The very next day all of a sudden I am the only remaining guest at my 24-room motel-style hotel. What a strange feeling! They turned off many of the lights, drastically reduced their staffing and only have the front desk staffed from about 8 pm to 6 am, for security reasons. Much of the day I am the only one around. I stay most of the day in my second floor room or on the comfortable first floor patio-corridor. I had reserved a hotel room for my first week here at another hotel in front of the beach, but I wanted a room better for a longer stay. I found an ad for a nice little furnished house, but they would not consider a short-term rental of 1 to 2 months. Unfortunate, and I imagine that house is still not occupied, but many places are only available for a minimum of 6 months or a year. I checked out many hotels as well as an apt-room which does rent monthly and found some viable options, but then I found out about the emergency decree which would come into effect in a couple of days. With that in mind, I quickly choose my current hotel room, at double the cost of some of the other options, since I knew if I might have to spend most of the day in my hotel, so I felt I would be more comfortable here. Included in my consideration was my very good first impression of the woman owner and her son – and I was right about that. She gives me food treats some days such as sliced watermelon, fresh corn salad with basil leaves, and Pa-Tan-Go, a Chinese style fried dough. Every culture seems to have a fried dough food. Fortunately this one was not very sweet. I would have felt more isolated at the other lodging options, with little help available and no one to talk to. The U.S. gov’t relief “check” which I will soon get will offset some or all of these higher costs. With all the U.S. taxes I still pay, I have no qualms about accepting this payment, which also allows me help out some local friends a bit.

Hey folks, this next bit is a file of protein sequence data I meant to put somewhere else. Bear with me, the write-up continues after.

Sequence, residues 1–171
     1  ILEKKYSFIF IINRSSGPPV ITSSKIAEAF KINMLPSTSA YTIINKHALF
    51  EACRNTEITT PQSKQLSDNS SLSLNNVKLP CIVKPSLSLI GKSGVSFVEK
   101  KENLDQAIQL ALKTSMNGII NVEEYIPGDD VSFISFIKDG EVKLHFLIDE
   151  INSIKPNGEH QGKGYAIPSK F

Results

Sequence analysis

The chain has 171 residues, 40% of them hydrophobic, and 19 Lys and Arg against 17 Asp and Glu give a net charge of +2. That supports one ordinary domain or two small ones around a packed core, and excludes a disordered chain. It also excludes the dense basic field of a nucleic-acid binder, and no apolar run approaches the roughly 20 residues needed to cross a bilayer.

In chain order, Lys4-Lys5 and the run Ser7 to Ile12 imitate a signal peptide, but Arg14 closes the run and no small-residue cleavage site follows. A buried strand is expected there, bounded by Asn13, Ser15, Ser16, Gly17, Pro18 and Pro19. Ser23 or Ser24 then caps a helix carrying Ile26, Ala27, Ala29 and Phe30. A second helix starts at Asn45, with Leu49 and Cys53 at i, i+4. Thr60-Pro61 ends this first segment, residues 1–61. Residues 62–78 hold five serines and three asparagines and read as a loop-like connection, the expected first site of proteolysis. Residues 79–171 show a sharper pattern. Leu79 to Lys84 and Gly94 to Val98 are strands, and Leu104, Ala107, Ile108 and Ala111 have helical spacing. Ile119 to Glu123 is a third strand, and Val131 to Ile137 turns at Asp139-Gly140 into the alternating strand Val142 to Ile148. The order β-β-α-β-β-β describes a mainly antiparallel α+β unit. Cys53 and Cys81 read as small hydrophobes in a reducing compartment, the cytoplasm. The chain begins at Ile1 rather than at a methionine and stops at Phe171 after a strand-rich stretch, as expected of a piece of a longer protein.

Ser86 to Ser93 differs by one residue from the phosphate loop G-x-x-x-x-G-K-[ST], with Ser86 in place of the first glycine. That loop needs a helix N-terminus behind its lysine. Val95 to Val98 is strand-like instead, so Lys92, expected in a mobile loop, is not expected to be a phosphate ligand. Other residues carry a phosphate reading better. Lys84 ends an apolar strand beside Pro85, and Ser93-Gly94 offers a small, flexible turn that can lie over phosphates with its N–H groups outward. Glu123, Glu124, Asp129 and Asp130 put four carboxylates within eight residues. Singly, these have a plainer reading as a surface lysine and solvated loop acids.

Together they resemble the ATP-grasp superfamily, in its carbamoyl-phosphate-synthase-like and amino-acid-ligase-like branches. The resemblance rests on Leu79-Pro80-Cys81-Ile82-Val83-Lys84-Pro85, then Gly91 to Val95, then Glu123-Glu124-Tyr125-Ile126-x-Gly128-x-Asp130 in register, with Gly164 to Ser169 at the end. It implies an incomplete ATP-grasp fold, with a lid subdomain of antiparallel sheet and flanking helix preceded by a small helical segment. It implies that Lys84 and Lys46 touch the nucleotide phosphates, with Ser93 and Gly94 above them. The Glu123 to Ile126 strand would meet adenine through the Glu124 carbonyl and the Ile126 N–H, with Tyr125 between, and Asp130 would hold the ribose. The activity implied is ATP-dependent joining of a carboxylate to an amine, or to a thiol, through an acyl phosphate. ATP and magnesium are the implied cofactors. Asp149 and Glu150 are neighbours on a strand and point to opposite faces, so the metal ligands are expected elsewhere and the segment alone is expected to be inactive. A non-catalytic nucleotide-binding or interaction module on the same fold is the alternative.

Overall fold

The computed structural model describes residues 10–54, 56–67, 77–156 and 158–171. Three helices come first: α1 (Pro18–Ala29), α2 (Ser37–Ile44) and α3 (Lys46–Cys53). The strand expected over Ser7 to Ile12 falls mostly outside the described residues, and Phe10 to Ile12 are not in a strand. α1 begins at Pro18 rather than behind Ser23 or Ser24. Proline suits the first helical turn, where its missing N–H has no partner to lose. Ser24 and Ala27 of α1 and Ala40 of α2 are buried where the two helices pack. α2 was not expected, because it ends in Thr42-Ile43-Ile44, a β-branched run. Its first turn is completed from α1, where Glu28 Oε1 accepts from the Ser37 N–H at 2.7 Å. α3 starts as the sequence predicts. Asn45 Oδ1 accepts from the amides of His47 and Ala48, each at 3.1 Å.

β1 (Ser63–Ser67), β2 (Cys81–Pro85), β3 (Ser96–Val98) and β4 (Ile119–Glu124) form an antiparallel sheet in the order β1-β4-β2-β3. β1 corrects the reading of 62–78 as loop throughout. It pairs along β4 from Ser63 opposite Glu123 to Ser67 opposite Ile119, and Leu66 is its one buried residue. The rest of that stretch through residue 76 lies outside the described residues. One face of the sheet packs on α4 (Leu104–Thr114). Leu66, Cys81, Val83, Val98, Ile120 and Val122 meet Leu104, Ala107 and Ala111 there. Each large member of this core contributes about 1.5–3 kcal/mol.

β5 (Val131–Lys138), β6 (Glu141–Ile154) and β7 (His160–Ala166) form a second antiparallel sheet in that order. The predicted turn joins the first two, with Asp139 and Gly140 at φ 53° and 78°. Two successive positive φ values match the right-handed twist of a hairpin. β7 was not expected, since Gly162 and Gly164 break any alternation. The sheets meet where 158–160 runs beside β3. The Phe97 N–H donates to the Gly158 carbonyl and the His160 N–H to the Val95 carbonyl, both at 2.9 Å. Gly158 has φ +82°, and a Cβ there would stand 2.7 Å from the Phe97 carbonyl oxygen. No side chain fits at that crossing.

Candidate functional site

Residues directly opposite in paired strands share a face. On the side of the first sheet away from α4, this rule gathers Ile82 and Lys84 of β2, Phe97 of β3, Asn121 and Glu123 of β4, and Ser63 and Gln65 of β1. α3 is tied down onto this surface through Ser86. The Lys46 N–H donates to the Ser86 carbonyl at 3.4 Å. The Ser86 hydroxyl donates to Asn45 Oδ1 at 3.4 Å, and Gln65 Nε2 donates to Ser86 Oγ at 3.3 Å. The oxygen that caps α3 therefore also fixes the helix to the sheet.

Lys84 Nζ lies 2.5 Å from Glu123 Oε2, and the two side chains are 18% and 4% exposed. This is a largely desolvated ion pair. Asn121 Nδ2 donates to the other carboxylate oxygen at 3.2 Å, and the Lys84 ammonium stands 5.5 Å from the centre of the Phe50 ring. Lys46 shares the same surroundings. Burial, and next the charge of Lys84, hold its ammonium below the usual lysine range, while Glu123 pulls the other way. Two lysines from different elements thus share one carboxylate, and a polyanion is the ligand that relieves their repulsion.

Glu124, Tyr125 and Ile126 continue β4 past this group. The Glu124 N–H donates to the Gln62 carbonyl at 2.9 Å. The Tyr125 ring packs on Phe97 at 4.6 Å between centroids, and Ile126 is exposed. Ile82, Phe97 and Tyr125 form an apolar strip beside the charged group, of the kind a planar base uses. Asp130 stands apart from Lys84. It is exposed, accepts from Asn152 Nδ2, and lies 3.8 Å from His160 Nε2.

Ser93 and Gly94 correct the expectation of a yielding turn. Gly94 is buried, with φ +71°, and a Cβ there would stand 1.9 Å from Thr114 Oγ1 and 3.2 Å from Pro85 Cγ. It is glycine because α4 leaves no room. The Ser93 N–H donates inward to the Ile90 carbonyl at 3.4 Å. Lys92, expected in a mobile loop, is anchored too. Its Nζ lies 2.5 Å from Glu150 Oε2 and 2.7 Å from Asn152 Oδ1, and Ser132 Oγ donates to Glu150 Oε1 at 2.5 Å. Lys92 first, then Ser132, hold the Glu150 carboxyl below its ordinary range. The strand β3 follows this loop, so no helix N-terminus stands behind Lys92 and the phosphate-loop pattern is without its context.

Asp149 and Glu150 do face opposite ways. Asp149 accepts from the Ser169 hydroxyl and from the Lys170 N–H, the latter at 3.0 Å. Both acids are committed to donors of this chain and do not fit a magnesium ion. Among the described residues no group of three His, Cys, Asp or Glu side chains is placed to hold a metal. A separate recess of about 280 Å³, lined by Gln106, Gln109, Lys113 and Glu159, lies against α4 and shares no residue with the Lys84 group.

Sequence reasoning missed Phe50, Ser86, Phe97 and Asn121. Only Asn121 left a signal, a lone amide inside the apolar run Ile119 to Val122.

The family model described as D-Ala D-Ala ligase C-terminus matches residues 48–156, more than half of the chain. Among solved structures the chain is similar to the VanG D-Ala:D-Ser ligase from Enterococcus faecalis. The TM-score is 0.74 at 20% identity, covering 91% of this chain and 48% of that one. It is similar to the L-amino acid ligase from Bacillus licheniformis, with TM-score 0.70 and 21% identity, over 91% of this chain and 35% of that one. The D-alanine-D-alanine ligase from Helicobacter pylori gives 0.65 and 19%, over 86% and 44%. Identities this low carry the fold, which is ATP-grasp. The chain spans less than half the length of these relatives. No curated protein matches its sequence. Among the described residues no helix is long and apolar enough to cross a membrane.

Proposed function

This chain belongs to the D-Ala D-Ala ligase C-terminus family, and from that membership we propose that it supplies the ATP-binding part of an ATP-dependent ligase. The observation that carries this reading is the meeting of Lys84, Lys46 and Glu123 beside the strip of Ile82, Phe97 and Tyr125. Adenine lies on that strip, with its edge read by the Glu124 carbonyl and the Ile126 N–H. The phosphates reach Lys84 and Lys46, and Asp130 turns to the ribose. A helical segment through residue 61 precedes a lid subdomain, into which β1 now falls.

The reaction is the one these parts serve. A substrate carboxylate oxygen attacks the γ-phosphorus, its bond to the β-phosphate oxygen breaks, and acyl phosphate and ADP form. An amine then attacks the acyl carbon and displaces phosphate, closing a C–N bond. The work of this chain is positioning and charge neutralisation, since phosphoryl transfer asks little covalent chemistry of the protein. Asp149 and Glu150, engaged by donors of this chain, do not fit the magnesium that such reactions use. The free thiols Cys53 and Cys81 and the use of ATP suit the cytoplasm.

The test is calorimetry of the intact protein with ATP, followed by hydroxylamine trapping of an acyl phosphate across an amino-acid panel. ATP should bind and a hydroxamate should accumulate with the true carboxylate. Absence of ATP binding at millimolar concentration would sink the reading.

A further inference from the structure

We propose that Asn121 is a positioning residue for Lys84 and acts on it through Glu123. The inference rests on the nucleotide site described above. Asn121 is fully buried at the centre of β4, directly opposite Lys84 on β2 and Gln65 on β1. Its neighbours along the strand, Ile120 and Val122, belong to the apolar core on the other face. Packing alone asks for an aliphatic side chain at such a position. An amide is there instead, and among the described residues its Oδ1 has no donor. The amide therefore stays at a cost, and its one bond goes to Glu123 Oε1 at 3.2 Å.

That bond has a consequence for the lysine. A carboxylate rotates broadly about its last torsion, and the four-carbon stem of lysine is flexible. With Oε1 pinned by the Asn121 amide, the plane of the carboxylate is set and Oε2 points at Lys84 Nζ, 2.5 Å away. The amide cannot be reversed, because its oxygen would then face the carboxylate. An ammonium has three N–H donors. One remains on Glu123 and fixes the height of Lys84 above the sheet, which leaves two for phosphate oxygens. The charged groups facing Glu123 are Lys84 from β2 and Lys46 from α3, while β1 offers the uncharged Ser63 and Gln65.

I shipped my travel Bike Friday bicycle, which collapses and can be packed in a hard-shell suitcase, to my hotel here from Chiang Mai, which only cost about US $13 – similar shipping in the U.S would probably cost $50-$75. This has allowed me to have a comfortable bicycle for my extended stay – and I use it every day. I buy most of my food at a long open-air covered fresh market along the rail line, one km, less than five minutes by bicycle from my hotel. Everyone, including me, wears a mask. I eat nearly all of this low cost and tasty prepared food in my hotel room or on the patio. One exception is the tasty pizza I’ve been getting a couple of times each week, available for take-out only – cost about US $7. I’ve hidden behind the stone beach wall, looking at the waves, to avoid being noticed, but always alert to any approaching authority that might chase me away or cite me. I feel like a criminal and now I think even that is getting more risky. Less appealing but safer will be to take the pizza back to my room less than 10 minutes away by bicycle.